Described by Carol Ann Duffy as "the patron saint of poetry", Roger McGough is arguably the most famous of the Liverpool Poets. His unpretentious yet subtle poems characteristically address everyday concerns through supple rhyme and dextrous wordplay.
Born in 1937, McGough studied at the University of Hull before returning to his home city of Liverpool where, in the early sixties, he became a part of the city's vibrant Mersey Beat scene. McGough, alongside Mike McCartney and John Gorman, formed the comic group The Scaffold, which in 1968 reached No 1 with Lily the Pink. His poetry first reached a mass audience in the Penguin Modern Poets collection The Mersey Sound, which also included Adrian Henri and Brian Patten and went on to sell over a million copies.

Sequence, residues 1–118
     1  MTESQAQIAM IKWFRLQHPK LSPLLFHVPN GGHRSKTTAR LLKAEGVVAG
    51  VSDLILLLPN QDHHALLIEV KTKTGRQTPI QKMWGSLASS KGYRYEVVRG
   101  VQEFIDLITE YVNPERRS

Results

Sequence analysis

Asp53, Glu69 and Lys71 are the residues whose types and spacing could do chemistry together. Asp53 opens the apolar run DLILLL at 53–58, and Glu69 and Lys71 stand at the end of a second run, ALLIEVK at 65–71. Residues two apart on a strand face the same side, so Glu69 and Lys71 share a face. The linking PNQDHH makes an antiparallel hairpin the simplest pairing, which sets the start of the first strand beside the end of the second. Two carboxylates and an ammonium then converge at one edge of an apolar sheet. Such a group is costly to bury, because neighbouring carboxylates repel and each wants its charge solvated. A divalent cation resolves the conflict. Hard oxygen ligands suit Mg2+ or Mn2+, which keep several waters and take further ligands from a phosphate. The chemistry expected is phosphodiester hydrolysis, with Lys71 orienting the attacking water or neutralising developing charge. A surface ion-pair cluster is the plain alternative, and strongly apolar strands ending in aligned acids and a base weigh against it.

McGough's high-spirited poetry plays with the ambiguities of words to illuminate profound truths. With a fine ear for dialogue and a conversational tone, his poems tackle serious subjects such as parenthood, illness and old age with a light touch.
The author of more than 50 books, McGough has also delighted generations of youngsters with his children's poetry. He also worked on the script of the Beatles film Yellow Submarine and is well known as the affable host of BBC Radio 4's Poetry Please. He was awarded an OBE for services to poetry in 1997, a CBE in 2008 and has been honoured with the Freedom of the City of Liverpool.
It's joy to be old.
The dog dead and the car sold.
A Joy to be Old
The Nation's Favourite Poet